By Ethan Lyon, Senior Writer
How are you going to get from (a) where you are now to (b) your goals? A marketing plan is the vehicle that gets from here to there. It is an outline of how your efforts are working together to reach business goals. Ultimately, you are finding the most effective strategies to sell your product or service to the most receptive audiences. There are several key stages in developing a marketing plan that help you organize and prioritize your communication efforts:
Outlining goals and identifying optimal market position
Initially, you should determine where you want to go–what are your goals? What is sensible yet aspirational? It’s very important to be grounded in what is possible because your goals will determine how and where you place your efforts. If you’re aspirations are unrealistic, it will be very challenging to meet them.
Once you’ve identified your goals, what is your position amongst your peer group? Are they more technical and you’re striving for creativity? It’s always helpful to visualize your positioning through simple quadrant maps. Let’s look at Apple. Apple’s quadrant map would potentially include a mindset (analytic and creative) and interactivity axises to define their iPhone. The purpose of such an exercise is to determine where they are within their peer group.
Segmenting and Aligning your Efforts with your Goals
You’ve placed you’re (a) and (b) on the map and now you have to draw a line between them. How are you going to get from where you are now to where you’d like to be? What vehicle is going to get you to your destination?
Before you start focusing your marketing efforts, consider your audience. Segment your audience into distinct groups based on their demographics and psychographics. Understand their need states and where they hang out. Where are you going to find your single women 16-35 with higher education looking for a need to escape? If you’re targeting businesses, what trade publications can offer you insight into their particular needs or what conferences might they attend? Next you should consider what type of marketing is going help you reach your goals:
Types of Marketing
Once you’ve identified your audience and where you can reach them, define what marketing efforts are going to speak to your customer and ultimately help you reach your goal. Based on your audience need states and where you can reach them, how are you going to communicate your message? Are they online in social networks or would you find them at trade shows? Are you going to target influencers to create some buzz or are you going to hire an outside public relations agency?
Take example from Apple. When they launched the iPod, their famous silhouetted advertisements were plastered all over large urban environments. You could hardly go down a street in NYC without seeing the iconic image. Depending where you can reach your audiences, you will have to fine tune where you communicate your message. Then you can refine you message based on their need states.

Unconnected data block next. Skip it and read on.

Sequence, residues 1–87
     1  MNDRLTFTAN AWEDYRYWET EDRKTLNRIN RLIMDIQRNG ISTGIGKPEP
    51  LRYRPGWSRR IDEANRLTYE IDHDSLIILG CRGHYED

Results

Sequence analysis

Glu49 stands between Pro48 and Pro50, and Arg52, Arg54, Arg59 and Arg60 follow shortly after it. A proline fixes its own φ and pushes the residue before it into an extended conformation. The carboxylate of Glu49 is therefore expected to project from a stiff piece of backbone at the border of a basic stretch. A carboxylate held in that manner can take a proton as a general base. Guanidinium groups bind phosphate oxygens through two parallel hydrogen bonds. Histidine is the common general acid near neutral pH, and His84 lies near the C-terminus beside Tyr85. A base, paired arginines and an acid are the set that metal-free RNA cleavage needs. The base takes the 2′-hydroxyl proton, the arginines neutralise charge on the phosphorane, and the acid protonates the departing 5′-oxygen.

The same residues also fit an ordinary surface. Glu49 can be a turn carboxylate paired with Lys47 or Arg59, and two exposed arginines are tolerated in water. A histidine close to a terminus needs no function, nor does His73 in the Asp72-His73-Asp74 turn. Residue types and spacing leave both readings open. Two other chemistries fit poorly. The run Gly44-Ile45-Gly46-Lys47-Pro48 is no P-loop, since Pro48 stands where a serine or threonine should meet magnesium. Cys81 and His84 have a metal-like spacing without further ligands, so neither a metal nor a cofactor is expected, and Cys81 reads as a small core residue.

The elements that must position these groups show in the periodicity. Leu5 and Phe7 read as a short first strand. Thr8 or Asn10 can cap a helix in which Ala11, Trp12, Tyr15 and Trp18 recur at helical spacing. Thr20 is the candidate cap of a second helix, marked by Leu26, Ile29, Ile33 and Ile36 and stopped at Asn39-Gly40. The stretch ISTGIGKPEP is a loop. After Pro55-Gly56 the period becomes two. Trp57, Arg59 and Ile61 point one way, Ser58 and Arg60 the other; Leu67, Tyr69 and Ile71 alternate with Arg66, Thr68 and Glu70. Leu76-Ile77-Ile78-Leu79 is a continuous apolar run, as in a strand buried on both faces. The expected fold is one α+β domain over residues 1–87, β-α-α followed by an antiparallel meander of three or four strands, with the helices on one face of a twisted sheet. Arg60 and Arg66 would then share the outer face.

It’s important to understand your capabilities and budgetary restrictions. If you want to spend X on digital advertising and Y on PR and Z on TV and radio, do you have the financial ability to do so? Be realistic. If your marketing efforts are beyond your reach, you’ve just sabotaged your marketing plan. Ensuring you’re able to afford or leverage your in-house talent is essential in your planning stage.
Marketing from the Inside Out
Your marketing efforts do not always need to be external. When you market your company, you’re also marketing your team. Therefore, rallying your team around a single goal is essential for you to effectively market your company. Zappos is a great example of one internal philosophy that marketed the company with little traditional advertising. Zappos focused on customer service. They aligned their team with the goal of creating the most outstanding customer service out there and because of their dedication and follow-through, they have seen significant success with little traditional advertising.
Zappos has also taken their internal philosophy to social media. They’re known for their unconventional tweets. Fun, witty and intelligent, they’ve successfully carried over their brand personality to Twitter. Twitter allows Zappos to humanize the team of sales people and elevate the brand in the digital space.
Measuring your Success
Typically, the marketing plan addresses those goals one or more years out. Anything less than 12 months is not forward looking enough to make real impact. Measuring your success is about how you know you’re meeting your goals. Sometimes it’s helpful to have smaller milestones that build up to your more macro goals. By setting smaller goal markers, you’ll be able to refine and change your efforts based on performance. If you only focus on the big picture, you’ll find that at the two year mark, your not reaching your goals because some of your efforts were not working as planned. That’s why it’s always helpful to take small steps to know you’re headed in the right direction.
Photo by Bill Ault from Stock.Xchng